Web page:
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Thanks to you all for your support & encouragement over the last 16 months or so.....this blog/podcast would not be in existence without you, and that's a fact!
So that's that bit done and dusted.....moving on........!
This week we take on a subject which, while not that earth-movingly exciting, has gained in popularity over recent years in the investment industry, and that subject is rebalancing.
Rebalancing, in the simplest and most honest terms can be described as taking money out of your 'winners' and putting it into your 'losers'! Please bear with us and we'll explain!
With lots of lovely head-lines lately talking about Equities at all-time highs and general euphoria about investing.......it might (or might not pay) to be aware of rebalancing, and how it impacts on your investments.
When it comes to investing in Ireland in 2017 or indeed most aspects of creating investment portfolios, since 2008 there has been a sharp focus on ensuring that investments are well diversified. Due to the scorchingly severe falls in values of equities and property at that time people have been once bitten and are now twice shy. There is now a big push to diversify between different asset classes to reduce that volatility & who'd blame them.....even though it this does fly in the face of the fact that a broadly held basket of equities outperforms any other asset class over the long term!
Product providers and indeed the industry at large now go to great lengths to encourage people to avoid being overly exposed to one particular asset (even if, as already stated, historically one particular asset class has performed above all others!). Investors are now encouraged to have a balance of 2 or more asset classes, such as equities and bonds, or equities, bonds and property etc etc. This is done ultimately in order to try reduce the volatility yet still achieve reasonable returns. For more on diversification by all means this might be useful (or not!).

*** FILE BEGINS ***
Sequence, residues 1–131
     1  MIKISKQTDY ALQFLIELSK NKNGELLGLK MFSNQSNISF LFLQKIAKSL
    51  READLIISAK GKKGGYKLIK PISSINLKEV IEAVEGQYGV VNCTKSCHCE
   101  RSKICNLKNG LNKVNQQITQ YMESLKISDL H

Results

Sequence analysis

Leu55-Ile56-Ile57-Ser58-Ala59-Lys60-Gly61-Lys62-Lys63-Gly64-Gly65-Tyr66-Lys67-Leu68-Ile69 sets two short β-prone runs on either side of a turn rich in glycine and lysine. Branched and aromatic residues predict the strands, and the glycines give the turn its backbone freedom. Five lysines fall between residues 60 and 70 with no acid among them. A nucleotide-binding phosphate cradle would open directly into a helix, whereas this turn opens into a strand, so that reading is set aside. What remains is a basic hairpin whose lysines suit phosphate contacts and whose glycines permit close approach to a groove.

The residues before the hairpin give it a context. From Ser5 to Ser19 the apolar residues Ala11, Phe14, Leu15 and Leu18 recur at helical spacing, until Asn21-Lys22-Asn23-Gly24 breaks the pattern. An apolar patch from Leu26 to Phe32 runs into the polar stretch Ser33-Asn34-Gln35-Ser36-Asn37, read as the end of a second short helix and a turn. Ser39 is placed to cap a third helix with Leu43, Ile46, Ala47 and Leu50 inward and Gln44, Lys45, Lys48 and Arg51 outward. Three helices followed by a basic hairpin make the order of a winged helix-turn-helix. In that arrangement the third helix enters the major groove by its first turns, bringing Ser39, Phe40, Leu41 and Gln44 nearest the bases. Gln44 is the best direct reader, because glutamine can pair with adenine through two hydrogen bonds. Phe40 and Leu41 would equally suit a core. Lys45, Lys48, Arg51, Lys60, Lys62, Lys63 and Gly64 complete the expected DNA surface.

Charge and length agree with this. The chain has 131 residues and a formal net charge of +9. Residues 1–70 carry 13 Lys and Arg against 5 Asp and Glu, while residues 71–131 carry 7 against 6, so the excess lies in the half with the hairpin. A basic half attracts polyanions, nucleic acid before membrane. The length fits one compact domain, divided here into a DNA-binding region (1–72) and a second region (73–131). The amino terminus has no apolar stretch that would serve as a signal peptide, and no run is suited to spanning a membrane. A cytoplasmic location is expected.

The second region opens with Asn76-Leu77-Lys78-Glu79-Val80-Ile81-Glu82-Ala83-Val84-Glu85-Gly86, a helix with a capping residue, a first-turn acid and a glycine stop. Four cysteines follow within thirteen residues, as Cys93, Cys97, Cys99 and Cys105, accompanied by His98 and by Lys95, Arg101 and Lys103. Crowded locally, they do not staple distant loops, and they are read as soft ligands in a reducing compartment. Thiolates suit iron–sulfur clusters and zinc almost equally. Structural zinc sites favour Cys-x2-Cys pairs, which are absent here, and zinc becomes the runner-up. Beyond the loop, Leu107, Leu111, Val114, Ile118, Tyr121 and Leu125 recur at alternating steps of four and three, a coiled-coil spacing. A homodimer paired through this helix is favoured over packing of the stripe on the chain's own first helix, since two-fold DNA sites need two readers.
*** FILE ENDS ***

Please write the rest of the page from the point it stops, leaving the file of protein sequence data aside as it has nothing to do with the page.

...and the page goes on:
Podcast version right here:
What is Rebalancing?
In a recent blog (which wasn't very popular - I must work harder on my blog titles!!) we looked at sharing insights on managing risk in your investments.....and one of the key risks to manage was the risk of your investment drifting off-course from it's intended destination. Rebalancing is the act of putting your investment back in line with it's destination!
Imagine, if you will, that you are the pilot of a plane. You are flying out of Dublin Airport pointed in the direction of New York. When you leave you are pointed directly at New York, with both the left engine and the right engine at equal power levels. As you fly over the Atlantic the power going to the left engine increases by 15%, while the power to the right engine falls by 20%....it's a gradual shift and one you don't really notice (your a shoddy pilot it seems!). If that imbalance of power to right and left is not corrected (and assuming you have no rudder!) then the direction you are now travelling will be way off course. If not corrected you'll end up somewhere around Nova Scotia....which I'm sure is a lovely place, but not where you wanted to go!
We're not experts on flying here but it'd probably make sense to check the power going to the engines on each side of your airplane. If the levels you had them at when you left Dublin become imbalanced you'd be wise to rebalance that power at regular intervals. That way you'll stand a much higher probability of reaching New York.
Now that will seem very abstract and removed from your Investments and Pension plans I'm sure, but please do bear with us!
For illustration, and whether you do or you don't lets assume you invested a lump sum, or you made a lump sum transfer via a pension fund, of €100k. The nice advisor you met at the time in 2012 told you that a multi-asset fund was your best bet to achieve the 6% you had set out to achieve with your investment, over the long term. So you opted for a fund made up of 50% US Companies, 20% Global Companies, 30% Government Bonds. In essence you have 70% in Equities and 30% in Bonds. €70k was invested in rewarding yet volatile Equities and €30k was invested in more stable but less rewarding Bonds. That was the mix (portfolio) that you were happy with and that was projected to deliver the 6% over the long term that you planned to achieve when you started the investment. Your engines are set up with 70% power to equities and 30% power to Bonds. Right!?
In the 5 years since you put this investment in place the Equity portion of your portfolio has grown in the region of 70%. Meanwhile the Bond portion of your fund has grown by less than 1%! What do you think this has done to the balance of your engines??
Your €70k in Equities has grown to approx €119k, while your €30k in Bonds is still €30k. Your total portfolio is valued now at €149k. So you are happy, you meet your advisor and you tell him he is doing a great job. Everyone is delighted.